Beatrice Valenzuela: The Trendsetting Shoe Designer
Photo by Ryan Orange
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Seven years ago, when Beatrice Valenzuela was shopping at an open-air market in Mexico, she met an old guy who makes shoes. Valenzuela, who is a stylist and therefore a fashionable sort of girl, fell in love with the shoes. They were leather moccasins, charmingly hand-sewn, in a traditional indigenous style. "Let me import your shoes to America," Valenzuela begged the zapatero.
"Why don't you design your own?" the shoemaker, Ricardo Medina, replied. "And I'll make them." An international collaboration was born. To the partnership, Medina brought a lifetime's worth of shoemaking skills. Valenzuela brought her earthy, bohemian, casual-luxury aesthetic.
"If I want to wear them," she figured, "I'm sure there's gonna be a lot of other girls who'd want to."It has always been this way, ever since Valenzuela was a child. She'd buy a backpack and weeks later see five other girls carrying the same one. At first she was irritated. But a wise aunt advised her to be flattered instead. "From then on, my mindset changed," Valenzuela explains, "to 'we can all have it.'?"
So back and forth she and the zapatero went, creating prototypes. Medina's moccasins already had a lot going for them. Others had too much fringe, were too wide or looked too much like costumes. His were plain and minimal. The leather was supple. The soles were made of recycled rubber tires - a common material in Mexico, because it is durable, flexible and inexpensive.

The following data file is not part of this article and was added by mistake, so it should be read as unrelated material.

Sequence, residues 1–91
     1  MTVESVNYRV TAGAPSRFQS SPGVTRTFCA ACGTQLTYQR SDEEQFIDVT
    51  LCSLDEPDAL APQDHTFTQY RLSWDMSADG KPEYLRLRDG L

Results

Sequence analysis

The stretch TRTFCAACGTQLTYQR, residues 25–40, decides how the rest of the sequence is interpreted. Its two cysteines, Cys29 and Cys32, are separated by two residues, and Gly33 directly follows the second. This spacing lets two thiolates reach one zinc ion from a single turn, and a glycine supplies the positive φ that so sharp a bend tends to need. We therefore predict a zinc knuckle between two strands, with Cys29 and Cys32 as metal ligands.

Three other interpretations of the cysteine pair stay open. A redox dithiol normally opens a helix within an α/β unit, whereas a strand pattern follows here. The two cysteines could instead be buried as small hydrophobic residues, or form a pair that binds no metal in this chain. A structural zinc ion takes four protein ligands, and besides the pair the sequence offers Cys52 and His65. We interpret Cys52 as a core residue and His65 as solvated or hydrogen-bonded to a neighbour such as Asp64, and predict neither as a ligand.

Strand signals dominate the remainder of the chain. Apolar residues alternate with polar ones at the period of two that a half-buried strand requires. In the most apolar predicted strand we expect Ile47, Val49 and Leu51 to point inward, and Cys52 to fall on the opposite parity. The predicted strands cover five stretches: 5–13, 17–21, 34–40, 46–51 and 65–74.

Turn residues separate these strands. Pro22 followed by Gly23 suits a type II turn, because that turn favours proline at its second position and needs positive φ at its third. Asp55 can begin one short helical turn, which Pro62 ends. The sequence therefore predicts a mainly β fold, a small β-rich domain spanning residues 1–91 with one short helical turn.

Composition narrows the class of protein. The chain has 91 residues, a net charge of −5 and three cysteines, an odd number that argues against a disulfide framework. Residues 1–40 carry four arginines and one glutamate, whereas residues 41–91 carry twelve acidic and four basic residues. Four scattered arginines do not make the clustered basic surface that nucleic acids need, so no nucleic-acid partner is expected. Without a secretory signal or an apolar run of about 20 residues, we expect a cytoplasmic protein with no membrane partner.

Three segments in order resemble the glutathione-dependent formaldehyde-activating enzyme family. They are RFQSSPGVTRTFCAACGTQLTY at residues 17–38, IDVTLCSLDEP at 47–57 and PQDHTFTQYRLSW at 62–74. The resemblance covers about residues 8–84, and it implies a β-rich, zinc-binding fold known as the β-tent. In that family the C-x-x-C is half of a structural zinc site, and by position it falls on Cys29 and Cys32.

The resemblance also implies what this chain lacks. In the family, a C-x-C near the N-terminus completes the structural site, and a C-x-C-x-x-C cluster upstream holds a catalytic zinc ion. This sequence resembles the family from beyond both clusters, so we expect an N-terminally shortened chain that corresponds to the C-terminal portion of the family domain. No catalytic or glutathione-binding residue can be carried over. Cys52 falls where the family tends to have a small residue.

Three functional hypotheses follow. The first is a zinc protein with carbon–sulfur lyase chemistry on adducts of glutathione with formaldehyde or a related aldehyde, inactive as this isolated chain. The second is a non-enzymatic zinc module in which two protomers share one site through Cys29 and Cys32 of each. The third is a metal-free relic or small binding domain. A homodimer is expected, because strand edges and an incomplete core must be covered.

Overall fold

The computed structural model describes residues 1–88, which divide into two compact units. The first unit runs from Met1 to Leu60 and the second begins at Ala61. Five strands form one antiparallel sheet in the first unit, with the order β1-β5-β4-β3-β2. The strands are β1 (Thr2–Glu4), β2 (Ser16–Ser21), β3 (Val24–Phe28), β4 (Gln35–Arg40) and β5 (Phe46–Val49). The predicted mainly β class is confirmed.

With a few crucial tweaks, the shoes could be elegant. Valenzuela picked the colors - rich cobalt, brown, fuchsia. She trimmed the toe box, made it more feminine and less bulky. "Not like an Ugg boot," she says, "where it loses the shape of the foot."
Then she worked her connections. Her friends are stylists and shop owners who appreciate "beautiful craft that's seriously approached." Thus, an interior-design store, Commune, became the first shop to carry Beatrice Valenzuela moccasins. Then the gift shop in the Ace Hotel in Palm Springs, "where chic people from all over the world stay." She also sells the shoes at the biannual Echo Park Craft Fair, which she co-founded and hosted for its first few years in her front yard. Buyers from L.A.'s top tier of indie retailers snapped them up.
Valenzuela's business acumen has always been acute. Growing up in Mexico City, she'd buy candy bars in bulk at 30 cents a piece and sell them at school for a dollar apiece. After college at the Sorbonne in Paris, Valenzuela moved to Los Angeles in her early 20s and studied anthropology at Pasadena City College. Now 32, she has her own store, which bears her name, just a few blocks from her home in Echo Park.
"I order the shoes, and Ricardo makes them with a small team of workers," she says. She keeps her line tight: just the moccasins, a few booties and a couple thongs, including a "running sandal" with a string you wrap around your ankle, modeled after ones worn by the Tarahumara tribe in Northern Mexico. "Originally it was for people who had to run messages over long distances."
It has been hard to keep the shoes in stock. People are more than happy to pay the $175 to $210 retail price. They have literally bought them off Valenzuela's feet. "When you look at the shoe, you can very easily see how it was put together. You understand it. That simplicity, it's attractive," she explains, a smile stealing across her face. "I still feel like I'm selling candy. It's just the same."
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